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New complaints over police exposing journalists' sources

Tuesday, 7 October 2014

By - Josh Loeb - Police Oracle


Revelations that police forces have several times used laws designed for surveillance and incerception of communications to secretly seize journalists' phone records have led to renewed fears this could shut down whistleblowing.

Kent Police used the Regulation of Investigatory Powers Act (RIPA) to obtain records of calls to a journalist so as to identify the source of stories about former MP Chris Huhne's speeding points fraud, it has been claimed.

The force defended its actions, and a Kent Police spokesman said: "These applications were proportionate, lawful, necessary, recorded and were relevant lines of enquiry for the investigation and the facts were made available to the court and defence."

This follows revelations last month that the Metropolitan Police siezed the phone records of The Sun's political editor Tom Newton Dunn as well as details of calls made to the newspaper's newsdesk - information that was then used to track down police officers accused of leaking information about the "Plebgate" affair.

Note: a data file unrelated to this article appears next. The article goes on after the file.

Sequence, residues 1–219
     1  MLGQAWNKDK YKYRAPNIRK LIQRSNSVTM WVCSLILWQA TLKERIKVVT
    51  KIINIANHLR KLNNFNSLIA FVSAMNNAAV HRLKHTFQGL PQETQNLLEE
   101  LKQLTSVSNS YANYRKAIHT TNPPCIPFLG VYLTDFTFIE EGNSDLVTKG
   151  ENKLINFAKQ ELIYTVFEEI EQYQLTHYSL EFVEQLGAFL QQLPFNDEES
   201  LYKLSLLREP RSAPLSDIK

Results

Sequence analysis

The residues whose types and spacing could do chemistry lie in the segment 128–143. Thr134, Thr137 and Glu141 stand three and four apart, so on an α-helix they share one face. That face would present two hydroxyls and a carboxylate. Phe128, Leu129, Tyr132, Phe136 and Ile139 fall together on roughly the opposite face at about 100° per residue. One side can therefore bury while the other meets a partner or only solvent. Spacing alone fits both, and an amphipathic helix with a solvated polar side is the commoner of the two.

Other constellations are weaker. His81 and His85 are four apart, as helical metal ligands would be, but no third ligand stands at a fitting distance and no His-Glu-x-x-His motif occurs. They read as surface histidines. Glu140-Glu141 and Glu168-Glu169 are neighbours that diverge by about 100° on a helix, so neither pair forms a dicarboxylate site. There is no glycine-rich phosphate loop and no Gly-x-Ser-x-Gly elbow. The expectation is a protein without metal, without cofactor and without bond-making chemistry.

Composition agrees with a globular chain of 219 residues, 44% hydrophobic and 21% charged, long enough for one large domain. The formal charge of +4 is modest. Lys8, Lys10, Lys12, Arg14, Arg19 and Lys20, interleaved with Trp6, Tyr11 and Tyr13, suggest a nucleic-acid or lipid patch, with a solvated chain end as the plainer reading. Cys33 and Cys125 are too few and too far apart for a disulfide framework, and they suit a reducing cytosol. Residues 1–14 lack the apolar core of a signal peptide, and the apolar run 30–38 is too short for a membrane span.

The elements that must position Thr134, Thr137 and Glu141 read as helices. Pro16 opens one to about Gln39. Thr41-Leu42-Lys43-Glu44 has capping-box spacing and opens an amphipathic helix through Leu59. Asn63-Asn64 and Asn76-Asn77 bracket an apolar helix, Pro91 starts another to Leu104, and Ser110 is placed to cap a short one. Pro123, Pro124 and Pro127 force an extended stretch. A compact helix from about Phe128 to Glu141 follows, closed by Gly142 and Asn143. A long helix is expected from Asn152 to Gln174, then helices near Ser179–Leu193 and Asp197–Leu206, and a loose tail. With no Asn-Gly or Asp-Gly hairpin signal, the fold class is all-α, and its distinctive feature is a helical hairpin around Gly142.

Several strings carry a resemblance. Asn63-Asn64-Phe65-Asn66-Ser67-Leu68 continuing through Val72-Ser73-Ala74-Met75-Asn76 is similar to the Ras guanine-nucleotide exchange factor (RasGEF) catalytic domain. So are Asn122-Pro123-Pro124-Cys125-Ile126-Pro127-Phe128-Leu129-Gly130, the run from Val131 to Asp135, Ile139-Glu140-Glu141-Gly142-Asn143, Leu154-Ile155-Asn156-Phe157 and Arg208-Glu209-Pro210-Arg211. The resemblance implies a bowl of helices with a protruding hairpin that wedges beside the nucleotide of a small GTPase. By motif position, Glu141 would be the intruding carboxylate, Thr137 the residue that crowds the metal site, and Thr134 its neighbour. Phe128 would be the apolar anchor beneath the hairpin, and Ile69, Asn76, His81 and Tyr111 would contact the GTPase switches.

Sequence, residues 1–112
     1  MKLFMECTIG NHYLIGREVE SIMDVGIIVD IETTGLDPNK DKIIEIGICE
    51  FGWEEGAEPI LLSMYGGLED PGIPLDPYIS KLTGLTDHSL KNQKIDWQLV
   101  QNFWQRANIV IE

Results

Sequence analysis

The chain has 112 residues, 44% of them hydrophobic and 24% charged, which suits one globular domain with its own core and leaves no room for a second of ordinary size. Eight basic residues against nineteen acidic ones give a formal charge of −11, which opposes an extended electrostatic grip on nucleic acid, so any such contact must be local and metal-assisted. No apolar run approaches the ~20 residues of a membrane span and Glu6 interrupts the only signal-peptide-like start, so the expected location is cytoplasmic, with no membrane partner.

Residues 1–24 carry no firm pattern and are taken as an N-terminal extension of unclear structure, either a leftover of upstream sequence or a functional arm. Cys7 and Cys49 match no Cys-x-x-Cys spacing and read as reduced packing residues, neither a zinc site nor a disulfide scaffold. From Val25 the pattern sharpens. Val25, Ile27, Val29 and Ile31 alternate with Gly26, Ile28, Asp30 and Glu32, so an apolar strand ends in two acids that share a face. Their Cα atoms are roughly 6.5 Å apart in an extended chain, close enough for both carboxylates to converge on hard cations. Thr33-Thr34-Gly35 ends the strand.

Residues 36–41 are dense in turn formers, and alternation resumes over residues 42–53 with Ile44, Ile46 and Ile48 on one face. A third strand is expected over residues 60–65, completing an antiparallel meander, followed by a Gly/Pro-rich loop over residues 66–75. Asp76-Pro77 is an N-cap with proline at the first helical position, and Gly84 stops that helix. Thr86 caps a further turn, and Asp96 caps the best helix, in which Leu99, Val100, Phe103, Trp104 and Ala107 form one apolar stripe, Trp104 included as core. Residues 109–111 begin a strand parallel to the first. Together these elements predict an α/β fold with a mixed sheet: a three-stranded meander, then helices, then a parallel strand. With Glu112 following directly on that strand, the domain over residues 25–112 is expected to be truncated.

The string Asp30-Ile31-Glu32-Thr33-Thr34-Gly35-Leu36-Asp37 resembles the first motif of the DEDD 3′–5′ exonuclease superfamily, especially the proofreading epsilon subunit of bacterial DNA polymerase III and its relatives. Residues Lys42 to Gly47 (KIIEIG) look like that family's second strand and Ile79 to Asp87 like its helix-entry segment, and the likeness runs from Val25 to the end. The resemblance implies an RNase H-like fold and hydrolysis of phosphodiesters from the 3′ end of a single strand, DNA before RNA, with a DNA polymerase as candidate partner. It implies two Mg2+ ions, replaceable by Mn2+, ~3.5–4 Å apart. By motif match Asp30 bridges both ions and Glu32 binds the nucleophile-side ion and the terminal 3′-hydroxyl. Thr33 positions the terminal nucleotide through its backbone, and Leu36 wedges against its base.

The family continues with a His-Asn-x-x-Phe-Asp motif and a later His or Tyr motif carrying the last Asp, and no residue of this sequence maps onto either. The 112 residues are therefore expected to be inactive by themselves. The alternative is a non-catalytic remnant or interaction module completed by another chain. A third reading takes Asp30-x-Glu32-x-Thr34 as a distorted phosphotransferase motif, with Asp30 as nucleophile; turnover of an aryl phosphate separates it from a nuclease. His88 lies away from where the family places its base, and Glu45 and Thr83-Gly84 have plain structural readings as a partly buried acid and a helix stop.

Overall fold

The use of RIPA for this purpose has been strongly condemned by the National Union of Journalists and civil rights group Liberty.

Media trade magazine Press Gazette has launched a petition called Save Our Sources", which states: "Urgent action is needed to find out how many times public authorities have used RIPA to obtain the phone records of journalists and to ensure new guidelines are in place to prevent this happening in future."

It adds: "It is a well established legal principle that there is a huge public interest in the protection of confidential journalistic sources under Article 10 of the European Convention on Human Rights (freedom of expression).

"If law enforcement authorities require access to confidential journalistic material (such as phone records) they should make a public request to the journalist or news organisation involved. And if necessary they should argue the case before a judge in the procedure set out in the Police and Criminal Evidence Act."

Updated at 2.07pm on Monday October 6:

Interception of Communications Commissioner The Rt Hon Sir Paul Kennedy today announced he has launched an inquiry into the use of RIPA powers to investigate whether the acquisition of communications data has been undertaken to identify journalistic sources. 

He said: “I fully understand and share the concerns raised about the protection of journalistic sources so as to enable a free press."